Minot Airman becomes first enlisted person selected for Naval Postgraduate School's Emergence Program

  • Published
  • By Airman 1st Class Luis Gomez
  • 5th Bomb Wing Public Affairs
Senior Airman Charles Dell, 5th Civil Engineer Squadron (CES) logistics manager, is pioneering as the first enlisted person selected for the Naval Postgraduate School's Homeland Defense and Security Emergence Program. The Emergence Program, conducted in collaboration with the Federal Emergency Management Agency (FEMA), is a six-month distance learning endeavor that includes two week-long in-person sessions at the postgraduate school.
The program aims to bring together a diverse collection of local, state, and federal government officials to critically think about homeland security, explore emerging trends and initiate change in their organizations. Dell's inclusion in this selective group marked a pivotal moment not just for him, but the broader Air Force community.
 “When I saw the email saying I was selected, it hadn’t quite hit me just how big of a deal this was,” said Dell. “It wasn’t until people started explaining how there were five other people interviewed before me and they didn't make the cut. It made it clear to me how competitive just getting accepted into the program was.”
Dell's eyes gleamed with a mixture of determination and excitement, reflecting on the transformative experience the program provided him. Not everyone gets the opportunity to work with multiple government agencies and that honor was not lost on Dell, who described how helpful the diversity of thought was.
“I have the Secret Service, Coast Guard, emergency management, FEMA, local law enforcement, Homeland Security Investigation, Immigration and Customs Enforcement (ICE), and border patrol all in my class,” said Dell. “It's all people in public safety. I'm the only enlisted person in the course. So, we're all there to help each other. Each job's different, but we all tie into the bigger picture.”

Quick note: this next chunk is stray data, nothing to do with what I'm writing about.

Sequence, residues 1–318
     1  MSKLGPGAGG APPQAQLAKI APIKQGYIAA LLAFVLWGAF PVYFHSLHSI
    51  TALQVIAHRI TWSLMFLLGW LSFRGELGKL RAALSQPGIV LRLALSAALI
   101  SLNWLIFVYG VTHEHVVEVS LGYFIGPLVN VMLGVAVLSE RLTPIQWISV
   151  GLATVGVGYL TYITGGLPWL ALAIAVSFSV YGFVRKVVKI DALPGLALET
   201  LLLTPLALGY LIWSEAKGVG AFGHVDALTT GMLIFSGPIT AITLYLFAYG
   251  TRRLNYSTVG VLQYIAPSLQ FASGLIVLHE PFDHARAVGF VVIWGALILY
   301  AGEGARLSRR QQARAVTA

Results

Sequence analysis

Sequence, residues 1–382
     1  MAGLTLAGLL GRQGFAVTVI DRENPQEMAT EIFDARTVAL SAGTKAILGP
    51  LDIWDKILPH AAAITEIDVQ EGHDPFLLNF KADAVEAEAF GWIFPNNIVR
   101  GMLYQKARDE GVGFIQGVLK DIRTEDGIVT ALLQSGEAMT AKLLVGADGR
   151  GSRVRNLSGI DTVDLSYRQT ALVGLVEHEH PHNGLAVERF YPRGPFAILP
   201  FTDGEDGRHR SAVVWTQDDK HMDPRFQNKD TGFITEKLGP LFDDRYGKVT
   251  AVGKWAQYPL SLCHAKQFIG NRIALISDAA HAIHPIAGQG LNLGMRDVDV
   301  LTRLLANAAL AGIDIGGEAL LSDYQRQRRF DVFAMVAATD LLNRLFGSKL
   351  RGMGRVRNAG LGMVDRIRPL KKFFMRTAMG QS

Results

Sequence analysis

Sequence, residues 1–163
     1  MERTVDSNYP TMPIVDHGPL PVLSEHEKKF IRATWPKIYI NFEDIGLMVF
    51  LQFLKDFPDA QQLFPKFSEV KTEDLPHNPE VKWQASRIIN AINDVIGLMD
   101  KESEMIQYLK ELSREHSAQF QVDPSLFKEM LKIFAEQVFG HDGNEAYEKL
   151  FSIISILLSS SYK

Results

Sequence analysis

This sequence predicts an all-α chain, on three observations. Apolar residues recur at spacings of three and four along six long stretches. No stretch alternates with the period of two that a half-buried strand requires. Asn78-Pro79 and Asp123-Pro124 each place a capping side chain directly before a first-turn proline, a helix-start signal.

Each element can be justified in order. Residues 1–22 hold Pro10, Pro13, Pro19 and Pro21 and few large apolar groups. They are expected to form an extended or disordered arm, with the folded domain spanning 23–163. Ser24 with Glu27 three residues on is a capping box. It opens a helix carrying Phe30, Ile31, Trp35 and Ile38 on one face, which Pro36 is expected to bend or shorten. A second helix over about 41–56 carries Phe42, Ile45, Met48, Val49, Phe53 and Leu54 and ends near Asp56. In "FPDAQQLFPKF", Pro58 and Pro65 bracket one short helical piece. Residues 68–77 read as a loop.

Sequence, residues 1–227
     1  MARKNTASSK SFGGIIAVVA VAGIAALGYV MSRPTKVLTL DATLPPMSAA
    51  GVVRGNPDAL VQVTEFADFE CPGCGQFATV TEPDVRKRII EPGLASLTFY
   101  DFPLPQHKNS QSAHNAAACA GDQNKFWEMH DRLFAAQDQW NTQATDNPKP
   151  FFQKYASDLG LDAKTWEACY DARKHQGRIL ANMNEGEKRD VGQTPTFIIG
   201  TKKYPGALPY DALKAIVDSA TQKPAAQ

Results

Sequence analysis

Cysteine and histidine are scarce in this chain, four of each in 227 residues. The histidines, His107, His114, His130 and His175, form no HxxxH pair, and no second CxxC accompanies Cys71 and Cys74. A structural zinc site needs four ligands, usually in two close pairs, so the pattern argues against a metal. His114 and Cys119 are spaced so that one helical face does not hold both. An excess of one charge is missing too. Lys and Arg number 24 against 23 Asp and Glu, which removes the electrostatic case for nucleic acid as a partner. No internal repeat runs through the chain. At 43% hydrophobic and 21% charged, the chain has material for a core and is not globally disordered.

According to Dell, the experience broadened his perspective beyond Air Force personnel and firefighters. That diversity of thought allowed him to start contributing unique insights on nuclear deterrence and Minot AFB’s mission within broader government context.
One of the program's focal points is the change initiative, which tasks participants with identifying and addressing organizational challenges. Each person in the course identifies an area in their workspace that could be seen as a problem. Then, they work to address possible root causes to that problem before developing and implementing a solution.
“This course forces you to start thinking not only about the big picture, but the day-to-day,” said Dell. “I know in every workplace there is something that people do on a daily basis, or know about, that could be potentially damaging. Yet, nobody's doing anything about it because nobody wants to confront it. So that's the whole purpose of this course, to recognize those issues and develop solutions for them.”
With a new outlook on problem solving instilled by the Emergence Program, Dell went about implementing his change initiative at the 5th CES. After giving it some thought, he noticed that his department did not have a standard operating procedure (SOP) for the program manager to be able to operate under.
“The rules and responsibilities of the program manager have been a gray area in our department,” said Dell. “So that's what I'm attacking right now. Whether it's guidelines or something to benefit for continuity purposes, I'm going to be working with my leadership on making sure that there's an SOP in place for the next person to operate under.”
While the change initiative is the kind of big picture thinking the program stresses, Dell also made sure to look at the day-to-day processes too, such as transitioning to electronic processes at his department for efficiency.
Taking on this program hasn’t come without adversity. Dell’s toughest challenge in taking on the program was time management. Balancing program demands with Air Force responsibilities and upcoming coursework can be overwhelming.
“It's graduate level coursework,” said Dell. “Not to mention, I have this job, my firefighting responsibilities, I start Airman Leadership School (ALS) this month and then I start emergency medical technicians (EMT) training next month. I’ve got a lot of things on my plate, and I just have to figure out how to deal with it. Discipline is key. Even if your motivation is gone, if you are disciplined you will get it done. With the proper discipline you can attack everything.”
Despite challenges, Dell has persevered as the first enlisted person to participate in this program. His journey serves as an inspiration, embodying the Air Force's commitment to pushing boundaries and driving change. Dell’s acceptance into a selective program and the change initiative he’s implemented exemplifies the spirit of innovation and excellence within the Air Force community.